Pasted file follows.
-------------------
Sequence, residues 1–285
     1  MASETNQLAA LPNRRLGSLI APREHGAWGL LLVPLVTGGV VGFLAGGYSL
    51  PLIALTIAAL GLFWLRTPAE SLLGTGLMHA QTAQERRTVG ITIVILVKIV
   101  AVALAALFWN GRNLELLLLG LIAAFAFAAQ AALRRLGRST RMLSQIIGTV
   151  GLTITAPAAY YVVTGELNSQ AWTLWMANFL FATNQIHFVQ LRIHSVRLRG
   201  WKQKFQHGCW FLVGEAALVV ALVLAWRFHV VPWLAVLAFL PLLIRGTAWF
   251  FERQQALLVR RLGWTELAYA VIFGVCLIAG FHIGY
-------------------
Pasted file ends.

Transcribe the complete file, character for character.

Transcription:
Sequence, residues 1–285
     1  MASETNQLAA LPNRRLGSLI APREHGAWGL LLVPLVTGGV VGFLAGGYSL
    51  PLIALTIAAL GLFWLRTPAE SLLGTGLMHA QTAQERRTVG ITIVILVKIV
   101  AVALAALFWN GRNLELLLLG LIAAFAFAAQ AALRRLGRST RMLSQIIGTV
   151  GLTITAPAAY YVVTGELNSQ AWTLWMANFL FATNQIHFVQ LRIHSVRLRG
   201  WKQKFQHGCW FLVGEAALVV ALVLAWRFHV VPWLAVLAFL PLLIRGTAWF
   251  FERQQALLVR RLGWTELAYA VIFGVCLIAG FHIGY